Eleanora Salter and the Monster From the Sea – Dublin Fringe Festival – Review
Performances – 15–18 September @ 20:00, 16–18 September @ 13:00, €15/€13
Venue – Bewley’s Café Theatre
by Jane Madden & Clodagh Mooney Duggan
Developed as part of DUETS, an artist support initiative made with the combined expertise of Irish Theatre Institute, Fishamble: The New Play Company and Dublin Fringe Festival
We meet Eleanora Salter when she has just arrived for her first day at her new job. Her father has recently passed away and she has taken over the lighthouse where he worked. Her family have been lighthouse keepers for many generations and she is looking forward to her new job and sets about making herself at home. Her only contact with the outside world is through her phone and the CB radio, where she talks to the other members of her profession. The other Lighthouse Keepers are a prickly bunch who have no time for niceties, purely focused on their work. She spends her days recording the measurements of wind speeds and wave heights. One day while talking on her CB radio, she makes contact with a mysterious voice. She doesn’t know if this voice is supernatural in origin or if it is someone playing a trick on her. Slowly, she starts to trust the voice and eventually, they forge a relationship!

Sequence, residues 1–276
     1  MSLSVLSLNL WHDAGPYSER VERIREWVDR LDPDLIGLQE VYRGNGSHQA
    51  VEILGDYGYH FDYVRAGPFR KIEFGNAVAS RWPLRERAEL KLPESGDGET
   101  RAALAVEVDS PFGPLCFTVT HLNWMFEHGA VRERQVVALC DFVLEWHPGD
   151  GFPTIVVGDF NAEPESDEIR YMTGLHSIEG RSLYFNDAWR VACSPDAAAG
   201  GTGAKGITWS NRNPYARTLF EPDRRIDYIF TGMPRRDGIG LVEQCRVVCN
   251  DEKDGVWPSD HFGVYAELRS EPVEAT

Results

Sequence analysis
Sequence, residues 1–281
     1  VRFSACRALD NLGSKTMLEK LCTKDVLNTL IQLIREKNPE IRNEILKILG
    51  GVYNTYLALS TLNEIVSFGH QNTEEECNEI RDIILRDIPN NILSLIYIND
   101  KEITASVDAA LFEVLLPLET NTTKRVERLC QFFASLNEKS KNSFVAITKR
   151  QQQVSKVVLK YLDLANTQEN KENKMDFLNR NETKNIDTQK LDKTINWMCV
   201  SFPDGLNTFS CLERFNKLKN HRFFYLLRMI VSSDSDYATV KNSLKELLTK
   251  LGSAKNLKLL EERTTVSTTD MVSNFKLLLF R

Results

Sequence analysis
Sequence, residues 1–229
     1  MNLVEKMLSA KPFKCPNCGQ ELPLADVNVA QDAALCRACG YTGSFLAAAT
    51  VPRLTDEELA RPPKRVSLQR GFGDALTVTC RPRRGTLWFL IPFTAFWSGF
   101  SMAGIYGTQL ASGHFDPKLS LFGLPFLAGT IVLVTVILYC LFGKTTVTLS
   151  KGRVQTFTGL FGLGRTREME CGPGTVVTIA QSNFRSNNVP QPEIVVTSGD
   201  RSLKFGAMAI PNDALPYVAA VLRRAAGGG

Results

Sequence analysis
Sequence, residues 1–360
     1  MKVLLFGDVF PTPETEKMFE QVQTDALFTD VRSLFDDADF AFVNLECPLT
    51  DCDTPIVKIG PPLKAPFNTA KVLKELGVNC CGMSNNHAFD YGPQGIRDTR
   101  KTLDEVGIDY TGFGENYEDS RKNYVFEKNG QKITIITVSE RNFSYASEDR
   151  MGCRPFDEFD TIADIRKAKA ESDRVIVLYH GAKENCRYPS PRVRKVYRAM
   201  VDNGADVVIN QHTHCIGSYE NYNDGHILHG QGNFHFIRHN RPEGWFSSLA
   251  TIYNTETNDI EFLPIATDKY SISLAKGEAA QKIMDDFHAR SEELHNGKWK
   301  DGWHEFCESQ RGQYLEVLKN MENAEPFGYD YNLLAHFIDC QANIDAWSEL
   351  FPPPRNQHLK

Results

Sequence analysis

This is the first show back on the tiny stage at Bewley’s for 18 months and it is great to have it back! These small stages are where we get to meet the new talent emerging from the colleges around Ireland for the first time and in this case, Clodagh Mooney Duggan takes centre stage. There is only Clodagh on stage for the duration of the play, but she interacts with the various voices that emerge from the radios and speakers, which requires a lot of preparation and timing.
The title of this play is a little misleading, as it is not in the horror genre. The production is a more sedate affair that delves into the innermost thoughts of an individual. Almost by definition, a Lighthouse Keeper spends a lot of time alone. The play is ultimately about isolation and the effects it can have you on. Loneliness is a difficult emotion to convey on stage, but it is achieved well here. Clodagh Mooney Duggan puts in an impressive display adding warmth and humour to the role. She manages to hold the attention of the audience throughout. As with many of the plays in this Fringe festival, it’s a reflection of our times and there is more than a passing nod to the various lockdowns that we have hopefully seen the last of. As the play hints at, the worst monsters are often those in our own heads.